Sunday, October 28, 2007

Dark Days of Autumn, Hot and Hurling 28.10.2007






6pm and dark already. The clocks went back last night so Winter is on her way.

Went to go to bed yesterday (or rather 4am this morning). Jim had turned the electric fire up to its most powerful in the morning, thinking he was turning it down. It must have been some sort of tropical heat in there. I sat on the bed for a few seconds, quickly realising life in that room was unsustainable! Jim was mortified. I tried to sleep on the single bed we have downstairs and J rigged up a bed with settee cushions on the snug floor. Neither of us got much sleep. Some time in the early hours, J crept upstairs and the temperature was about back to normal. Thankfully, we both sank into bed and slept like logs for a few hours.

This afternoon, having forgotten to re-set the bedroom clock, we arose and discovered we had an extra hour before we needed to go out. Great. Our local village, Killanena, had reached a hurling championship final. Now, this is not some sort of ritual where they all stand in a line and see how far they can projectile vomit, but a uniquely Irish sport. This is an excerpt from an Irish website, roughly explaining the game.

Hurling is a game similar to hockey, in that it is played with a small ball and a curved wooden stick. It is Europe's oldest field game. When the Celts came to Ireland as the last ice age was receding, they brought with them a unique culture, their own language, music, script and unique pastimes. One of these pastimes was a game now called hurling. It features in Irish folklore to illustrate the deeds of heroic mystical figures and it is chronicled as a distinct Irish pastime for at least 2,000 years.

The stick, or "hurley" (called camán in Irish) is curved outwards at the end, to provide the striking surface. The ball or "sliothar" is similar in size to a hockey ball but has raised ridges.

Hurling is played on a pitch approximately 137m long and 82m wide. The goalposts are the same shape as on a rugby pitch, with the crossbar lower than a rugby one and slightly higher than a soccer one.

You may strike the ball on the ground, or in the air. Unlike hockey, you may pick up the ball with your hurley and carry it for not more than four steps in the hand. After those steps you may bounce the ball on the hurley and back to the hand, but you are forbidden to catch the ball more than twice. To get around this, one of the skills is running with the ball balanced on the hurley To score, you put the ball over the crossbar with the hurley or under the crossbar and into the net by the hurley for a goal, the latter being the equivalent of three points.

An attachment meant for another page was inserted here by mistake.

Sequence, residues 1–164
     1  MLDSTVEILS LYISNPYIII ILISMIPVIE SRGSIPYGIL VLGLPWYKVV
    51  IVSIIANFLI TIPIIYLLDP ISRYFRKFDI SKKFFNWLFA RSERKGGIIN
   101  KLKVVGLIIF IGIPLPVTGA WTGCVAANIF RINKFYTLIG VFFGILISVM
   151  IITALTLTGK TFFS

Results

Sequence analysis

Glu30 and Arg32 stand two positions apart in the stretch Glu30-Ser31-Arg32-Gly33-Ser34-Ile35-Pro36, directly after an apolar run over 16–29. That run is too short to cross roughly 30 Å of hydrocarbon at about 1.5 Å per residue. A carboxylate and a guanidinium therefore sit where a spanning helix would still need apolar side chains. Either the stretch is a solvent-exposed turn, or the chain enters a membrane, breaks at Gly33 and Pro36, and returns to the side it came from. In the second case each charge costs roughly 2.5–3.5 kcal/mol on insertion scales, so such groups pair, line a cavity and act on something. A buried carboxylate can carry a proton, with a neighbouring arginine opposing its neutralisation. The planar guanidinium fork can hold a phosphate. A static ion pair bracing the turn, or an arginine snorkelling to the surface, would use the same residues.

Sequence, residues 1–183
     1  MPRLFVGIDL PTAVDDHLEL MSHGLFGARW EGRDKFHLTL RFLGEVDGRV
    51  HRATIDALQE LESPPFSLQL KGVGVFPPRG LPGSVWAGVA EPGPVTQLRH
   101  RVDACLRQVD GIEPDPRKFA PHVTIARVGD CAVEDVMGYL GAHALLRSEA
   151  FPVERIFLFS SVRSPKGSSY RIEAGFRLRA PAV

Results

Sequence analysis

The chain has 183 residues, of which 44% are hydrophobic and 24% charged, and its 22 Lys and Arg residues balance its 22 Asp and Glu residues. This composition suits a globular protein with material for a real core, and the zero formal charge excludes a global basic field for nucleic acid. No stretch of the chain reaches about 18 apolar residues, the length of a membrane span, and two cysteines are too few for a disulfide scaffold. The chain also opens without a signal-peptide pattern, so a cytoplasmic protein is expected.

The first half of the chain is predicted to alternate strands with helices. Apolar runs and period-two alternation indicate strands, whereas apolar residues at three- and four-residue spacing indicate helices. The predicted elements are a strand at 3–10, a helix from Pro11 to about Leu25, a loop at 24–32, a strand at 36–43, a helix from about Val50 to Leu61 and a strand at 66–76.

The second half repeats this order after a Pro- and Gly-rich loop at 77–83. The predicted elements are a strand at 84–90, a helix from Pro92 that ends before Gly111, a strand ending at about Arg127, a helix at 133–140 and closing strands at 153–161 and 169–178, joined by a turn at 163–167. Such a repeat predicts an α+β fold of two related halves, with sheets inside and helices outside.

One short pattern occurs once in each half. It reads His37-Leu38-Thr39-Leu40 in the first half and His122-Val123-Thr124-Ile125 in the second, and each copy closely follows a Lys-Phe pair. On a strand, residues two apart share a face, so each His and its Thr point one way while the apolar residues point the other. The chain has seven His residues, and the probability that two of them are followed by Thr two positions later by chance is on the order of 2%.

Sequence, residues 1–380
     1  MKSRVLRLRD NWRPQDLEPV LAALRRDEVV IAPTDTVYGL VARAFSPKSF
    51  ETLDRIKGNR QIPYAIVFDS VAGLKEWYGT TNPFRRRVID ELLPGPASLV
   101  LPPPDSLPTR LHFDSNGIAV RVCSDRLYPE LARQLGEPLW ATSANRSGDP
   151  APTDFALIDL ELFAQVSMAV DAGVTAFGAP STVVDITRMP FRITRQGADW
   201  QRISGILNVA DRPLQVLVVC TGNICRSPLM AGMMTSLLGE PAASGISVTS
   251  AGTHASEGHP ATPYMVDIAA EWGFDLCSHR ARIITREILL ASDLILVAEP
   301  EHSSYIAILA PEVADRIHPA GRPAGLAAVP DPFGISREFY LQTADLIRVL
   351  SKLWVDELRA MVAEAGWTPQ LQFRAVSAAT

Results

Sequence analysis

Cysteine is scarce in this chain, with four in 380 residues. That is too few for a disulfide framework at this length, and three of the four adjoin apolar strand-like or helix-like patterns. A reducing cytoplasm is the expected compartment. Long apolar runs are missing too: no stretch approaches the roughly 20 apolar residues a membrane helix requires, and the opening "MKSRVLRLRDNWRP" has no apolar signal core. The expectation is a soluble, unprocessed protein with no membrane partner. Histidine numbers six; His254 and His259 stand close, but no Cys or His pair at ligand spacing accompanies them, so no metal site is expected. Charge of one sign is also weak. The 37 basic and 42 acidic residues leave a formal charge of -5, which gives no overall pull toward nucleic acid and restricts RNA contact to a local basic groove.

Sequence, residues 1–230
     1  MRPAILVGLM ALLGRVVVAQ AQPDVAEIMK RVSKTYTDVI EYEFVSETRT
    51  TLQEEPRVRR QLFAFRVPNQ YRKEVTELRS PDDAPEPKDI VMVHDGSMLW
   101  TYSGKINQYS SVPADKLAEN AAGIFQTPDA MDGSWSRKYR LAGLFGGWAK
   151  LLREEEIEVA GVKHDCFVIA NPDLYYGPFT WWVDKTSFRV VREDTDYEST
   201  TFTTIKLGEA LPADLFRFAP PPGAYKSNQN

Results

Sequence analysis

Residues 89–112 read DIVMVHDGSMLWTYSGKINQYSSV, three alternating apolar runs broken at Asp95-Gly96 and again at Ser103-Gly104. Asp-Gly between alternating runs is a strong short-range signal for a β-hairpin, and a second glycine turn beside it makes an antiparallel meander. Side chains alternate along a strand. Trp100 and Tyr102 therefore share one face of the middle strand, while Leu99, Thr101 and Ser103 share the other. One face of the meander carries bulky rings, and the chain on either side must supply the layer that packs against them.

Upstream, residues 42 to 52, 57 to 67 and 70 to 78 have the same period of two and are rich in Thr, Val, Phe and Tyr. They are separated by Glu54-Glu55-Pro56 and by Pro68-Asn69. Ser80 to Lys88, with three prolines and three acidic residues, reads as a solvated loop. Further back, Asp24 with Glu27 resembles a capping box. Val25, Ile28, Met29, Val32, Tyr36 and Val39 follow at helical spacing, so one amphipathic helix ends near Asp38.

It all sounds dreadfully complicated but in reality is not so. Just as the game started, an Irish Coastguard Rescue Helicopter came over the ground. It landed just a short distance from the ground, then took off some 5 minutes later. No doublt we'll read all about it in the 'Irish Champion' on Thursday. I did take a couple of photos (above).

We have never watched a live game and decided this would be just the opportunity so to do. The final was held in Ennis GAA ground, so well within our reach. Kick off, or whatever it's called 'hurl off?' was at 2.30. On the drive to Ennis, flags were flying outside most of the houses and messages painted on boards with 'Good like Mikey and the boys' in varying shapes and sizes were placed by the roadsides. Several old cars were also parked along the route, painted in the blue and yellow colours of Killanena, plus a model of a player on a bike and a leprechaun in team colours sitting on the verge! It must have been heartening for the team on their way to the ground to see so much support. Hurling is HUGE in Ireland.

We managed to find a parking spot not too far from the ground, paid our 10 euros each and squeezed through the ancient turnstiles into the ground. The undercover stand was pretty full, mostly with Killanena supporters, but quite a few of the other teams' supporters were there too, in bright yellow. An Irish pipe band lead the players onto the field and the excitement was tenable. We soon got the hang of the game and what was going on. It's frighteningly fast and the ball can be hit from one end of the pitch to the other in seconds. Players have to be incredibly fit and some of the tackling was pretty violent. Killanena lead at half time, both sides having a goal apiece but Killanena having more of the 'through the post' hits. Sadly, in the second half, the opposing team gradually drew level and in the last few minutes, took the lead. The boys from Killanena were very small by comparison and simply seemed to run out of steam. I think they lost by 2 points but it was a bit hard to tell as the score keepers mixed up the scores on the board in the last 10 minutes! However, the whole event was great fun, we enjoyed it immensely. I look forward to watching a professional game in the future.

Back home and Stanley was duly set into action. He did belch out a bit of black smoke, but seems to have settled down now to getting on with his job.


1 comment:

Kat said...

cor - how exciting! :-)